There’s so much energy. The question is for us is, “Can we organize it?” And if there’s anything that is a real question there’s a version of this story that’s like, we organized it and we won and like that is really dope, and we’ll look back and be like, “That was hard.” That took us a while. And we did it.
There’s another version of the story that’s like “We tried.” And we’ll all look back in 30 years and tell a really great story about how we tried. We’ll talk about standing in the street, like we all did it, and we remember that time, and we’ll say to our kids, “You keep the fight because we weren’t able to.” I want to believe that we will end up on the former—that we will end up in the story where we’re like “We did it. It was really hard and we thought we weren’t going to do it. But we did it” But that to me is the question. Can we organize the interest? I think the passion’s there-—the energy- people care. But can we organize is the question.
HD: Last night, you talked about the importance of giving people, especially white people, the language to talk about how race works, how class works, how the systems work and how we’re potentially implicated. From your experience here as a student, do you think Bowdoin is doing that for all students?
DM: The language piece? [hesitates] I think that the classroom at its best can be that. I don’t know if any college is necessarily doing that for people writ large. I even think about how the curriculum here has grown since I was here. Even the class offerings around anything related to race or justice, those are just different than they were before. I remember when Mark Foster was one of the only black faculty members here? We’re just at a different time. So, I think that that is a responsibility. I don’t know what it would look like for a college to just do it as campus programing, like sponsored by the College.
One of the things I’m always loving about Bowdoin is that there’s a real opportunity for students to make this experience what they really want it to be, and too often students don’t realize their power until it’s pretty late, like ‘til they’re juniors. They’re like “I can start a club, or I can start an initiative.” And by the end of junior year, you’re getting set up for what you’re going to do next.
SD: Did you feel any constraints from either students or the administration to be imaginative during your time here?
DM: I definitely ran into people who were not imaginative. I don’t know if that was a constraint as much as it’s like…
You know, for us—I was in student government and was class [president]—we knew that sometimes we were going to have to do it, and it was going to have to work before people believed. And we made some big bets pretty early, and people just believed.
So we did this thing for [our] first year—every year—it was called “Proud to be ’07 Week.” And there was a surprise in one day of the week. Our first year we changed all the toilet paper in the first-year dorms. We got custom paper made where every sheet was like a polar bear that said “We got your back.” And we changed all the rolls in all the dorms over the night. People woke up, and there was different toilet paper. And it was so random, but it was one of those things that people saw and were like “Okay. I guess I’m just down for the ride.” Those sorts of things helped people think about what we could do differently.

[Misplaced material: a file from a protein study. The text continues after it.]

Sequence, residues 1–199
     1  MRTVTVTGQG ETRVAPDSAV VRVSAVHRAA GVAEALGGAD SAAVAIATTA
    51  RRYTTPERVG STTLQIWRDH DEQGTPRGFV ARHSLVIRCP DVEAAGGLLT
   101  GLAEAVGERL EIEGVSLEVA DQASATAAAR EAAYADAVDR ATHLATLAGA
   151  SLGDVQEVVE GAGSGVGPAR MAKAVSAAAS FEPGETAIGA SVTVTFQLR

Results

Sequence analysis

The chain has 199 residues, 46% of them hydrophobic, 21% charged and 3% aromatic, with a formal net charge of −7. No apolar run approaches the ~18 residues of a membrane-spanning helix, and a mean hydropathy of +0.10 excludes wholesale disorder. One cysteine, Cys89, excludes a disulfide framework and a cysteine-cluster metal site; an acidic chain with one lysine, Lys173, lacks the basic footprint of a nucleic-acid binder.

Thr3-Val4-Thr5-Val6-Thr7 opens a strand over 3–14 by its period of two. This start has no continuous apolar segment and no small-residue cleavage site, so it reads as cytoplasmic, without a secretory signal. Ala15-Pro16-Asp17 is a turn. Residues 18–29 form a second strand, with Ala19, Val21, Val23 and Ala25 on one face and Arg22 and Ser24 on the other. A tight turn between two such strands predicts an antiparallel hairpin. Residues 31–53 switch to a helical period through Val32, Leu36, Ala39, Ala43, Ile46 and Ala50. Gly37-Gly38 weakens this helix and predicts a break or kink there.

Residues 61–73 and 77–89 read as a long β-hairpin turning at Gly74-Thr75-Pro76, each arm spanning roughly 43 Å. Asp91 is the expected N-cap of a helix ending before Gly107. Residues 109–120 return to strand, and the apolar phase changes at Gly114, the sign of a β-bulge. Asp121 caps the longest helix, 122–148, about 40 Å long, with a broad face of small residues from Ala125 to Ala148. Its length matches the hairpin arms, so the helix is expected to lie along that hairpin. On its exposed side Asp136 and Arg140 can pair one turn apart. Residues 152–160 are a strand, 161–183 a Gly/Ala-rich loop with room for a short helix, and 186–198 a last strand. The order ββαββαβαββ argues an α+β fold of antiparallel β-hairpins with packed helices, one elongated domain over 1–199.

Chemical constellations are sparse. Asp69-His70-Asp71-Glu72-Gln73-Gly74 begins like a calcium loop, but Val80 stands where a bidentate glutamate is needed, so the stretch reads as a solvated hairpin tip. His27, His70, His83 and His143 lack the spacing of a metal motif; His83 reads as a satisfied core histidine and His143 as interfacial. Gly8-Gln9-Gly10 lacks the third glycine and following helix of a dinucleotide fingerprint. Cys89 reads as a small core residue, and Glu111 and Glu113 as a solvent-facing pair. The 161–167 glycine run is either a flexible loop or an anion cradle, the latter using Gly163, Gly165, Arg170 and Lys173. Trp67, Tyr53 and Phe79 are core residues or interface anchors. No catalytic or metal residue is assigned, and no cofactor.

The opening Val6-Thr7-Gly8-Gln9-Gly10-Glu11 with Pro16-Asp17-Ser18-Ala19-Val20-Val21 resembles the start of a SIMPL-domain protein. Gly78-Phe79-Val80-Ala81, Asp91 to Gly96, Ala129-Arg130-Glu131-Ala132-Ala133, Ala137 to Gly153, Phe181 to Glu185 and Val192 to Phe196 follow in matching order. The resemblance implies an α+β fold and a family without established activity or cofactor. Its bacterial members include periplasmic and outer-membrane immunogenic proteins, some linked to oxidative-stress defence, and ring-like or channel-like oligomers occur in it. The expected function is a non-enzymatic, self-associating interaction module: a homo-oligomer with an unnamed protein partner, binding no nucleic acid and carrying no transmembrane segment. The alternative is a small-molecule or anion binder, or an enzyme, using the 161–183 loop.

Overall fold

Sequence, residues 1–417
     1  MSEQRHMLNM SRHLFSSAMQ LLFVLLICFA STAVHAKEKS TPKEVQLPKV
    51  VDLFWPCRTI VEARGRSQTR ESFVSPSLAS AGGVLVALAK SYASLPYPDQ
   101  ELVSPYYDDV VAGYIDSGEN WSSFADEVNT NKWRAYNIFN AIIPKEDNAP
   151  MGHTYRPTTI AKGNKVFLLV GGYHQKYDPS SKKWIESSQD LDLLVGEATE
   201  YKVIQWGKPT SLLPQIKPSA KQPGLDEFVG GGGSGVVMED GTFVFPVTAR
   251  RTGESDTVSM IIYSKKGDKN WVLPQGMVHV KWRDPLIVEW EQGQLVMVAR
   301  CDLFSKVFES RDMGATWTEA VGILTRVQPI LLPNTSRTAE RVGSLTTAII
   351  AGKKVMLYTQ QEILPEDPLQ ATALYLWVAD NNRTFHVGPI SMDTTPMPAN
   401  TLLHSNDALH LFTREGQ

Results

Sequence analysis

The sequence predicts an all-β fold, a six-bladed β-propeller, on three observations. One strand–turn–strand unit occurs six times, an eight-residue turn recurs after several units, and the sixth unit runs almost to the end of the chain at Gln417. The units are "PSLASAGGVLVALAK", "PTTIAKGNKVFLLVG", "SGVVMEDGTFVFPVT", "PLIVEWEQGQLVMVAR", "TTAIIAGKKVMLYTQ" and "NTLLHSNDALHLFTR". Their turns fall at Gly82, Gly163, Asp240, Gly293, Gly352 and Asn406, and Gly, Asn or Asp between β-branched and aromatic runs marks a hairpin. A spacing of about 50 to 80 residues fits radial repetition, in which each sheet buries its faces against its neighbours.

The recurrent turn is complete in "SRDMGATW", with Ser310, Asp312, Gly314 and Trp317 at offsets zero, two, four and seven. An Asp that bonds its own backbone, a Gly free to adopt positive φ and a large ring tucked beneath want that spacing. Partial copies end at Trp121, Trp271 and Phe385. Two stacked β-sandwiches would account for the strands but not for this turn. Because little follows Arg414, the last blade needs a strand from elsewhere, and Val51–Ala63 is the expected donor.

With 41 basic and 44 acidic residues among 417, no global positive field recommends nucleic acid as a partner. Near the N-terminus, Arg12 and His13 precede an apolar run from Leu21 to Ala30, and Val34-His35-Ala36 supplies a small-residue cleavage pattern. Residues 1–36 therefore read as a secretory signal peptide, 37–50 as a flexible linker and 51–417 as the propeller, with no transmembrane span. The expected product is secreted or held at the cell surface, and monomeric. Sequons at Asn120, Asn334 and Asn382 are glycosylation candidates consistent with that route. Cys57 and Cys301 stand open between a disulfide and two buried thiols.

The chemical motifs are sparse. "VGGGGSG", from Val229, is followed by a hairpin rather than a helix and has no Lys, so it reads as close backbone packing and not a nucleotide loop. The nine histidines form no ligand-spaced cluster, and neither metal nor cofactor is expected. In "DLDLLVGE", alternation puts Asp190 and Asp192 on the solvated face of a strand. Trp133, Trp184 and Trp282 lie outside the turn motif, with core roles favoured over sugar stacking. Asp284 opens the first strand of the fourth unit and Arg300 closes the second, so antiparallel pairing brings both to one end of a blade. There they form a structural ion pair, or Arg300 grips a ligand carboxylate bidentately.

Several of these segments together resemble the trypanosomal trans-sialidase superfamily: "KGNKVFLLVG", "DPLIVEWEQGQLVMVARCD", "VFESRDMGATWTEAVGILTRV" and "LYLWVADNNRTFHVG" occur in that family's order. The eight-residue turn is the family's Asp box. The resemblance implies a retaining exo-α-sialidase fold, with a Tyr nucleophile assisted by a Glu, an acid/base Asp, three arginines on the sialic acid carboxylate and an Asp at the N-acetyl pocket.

And there were people who were like, “What are you doing? This seems ridiculous.” And we were just like, “We think this is what we’re going to do.” And it was like a “I think we can make it work” attitude that I learned here. I had never experienced that before.
SD: You talked about Trump briefly last night. I think both of us were surprised that your remarks weren’t more enraged. Do you just take that sentiment for granted at Bowdoin, that we feel that way, or do you think there’s an appropriate time to be more enraged?
DM: I think Trump is the product, not the producer, right? He’s the manifestation of an ideology that existed way before his body existed. He’s just the crystallization of it in the most intense form that we’ve ever seen. So, when I think about the task at hand—it’s why I talk about pessimism, it’s understanding that whiteness is more than just overt white supremacy and lynching. All of those things, I think, are the philosophical framework that we engaged to combat what Trump represents and what he is. So I don’t know how much more there is to say about “He’s screwing on healthcare.” Like, yes. The tax bill makes no sense. The health care bills make no sense. What he’s doing to public land makes no sense. But, even his supporters are going to be screwed by those things. To me those are the easy things to talk about, and the harder things to talk about are the ideas behind those things. I want to talk about those.